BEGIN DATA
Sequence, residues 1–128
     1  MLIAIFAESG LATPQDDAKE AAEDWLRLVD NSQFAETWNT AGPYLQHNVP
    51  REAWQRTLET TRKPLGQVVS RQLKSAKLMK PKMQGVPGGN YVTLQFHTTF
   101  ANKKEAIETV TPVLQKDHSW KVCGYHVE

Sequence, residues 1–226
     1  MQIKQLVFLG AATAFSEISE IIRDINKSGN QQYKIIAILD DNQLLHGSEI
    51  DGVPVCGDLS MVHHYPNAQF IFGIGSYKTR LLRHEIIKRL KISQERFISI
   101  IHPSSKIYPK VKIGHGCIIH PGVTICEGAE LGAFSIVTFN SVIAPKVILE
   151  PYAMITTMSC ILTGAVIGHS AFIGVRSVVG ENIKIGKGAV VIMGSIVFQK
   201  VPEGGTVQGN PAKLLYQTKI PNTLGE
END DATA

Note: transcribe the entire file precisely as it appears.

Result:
Sequence, residues 1–128
     1  MLIAIFAESG LATPQDDAKE AAEDWLRLVD NSQFAETWNT AGPYLQHNVP
    51  REAWQRTLET TRKPLGQVVS RQLKSAKLMK PKMQGVPGGN YVTLQFHTTF
   101  ANKKEAIETV TPVLQKDHSW KVCGYHVE

Sequence, residues 1–226
     1  MQIKQLVFLG AATAFSEISE IIRDINKSGN QQYKIIAILD DNQLLHGSEI
    51  DGVPVCGDLS MVHHYPNAQF IFGIGSYKTR LLRHEIIKRL KISQERFISI
   101  IHPSSKIYPK VKIGHGCIIH PGVTICEGAE LGAFSIVTFN SVIAPKVILE
   151  PYAMITTMSC ILTGAVIGHS AFIGVRSVVG ENIKIGKGAV VIMGSIVFQK
   201  VPEGGTVQGN PAKLLYQTKI PNTLGE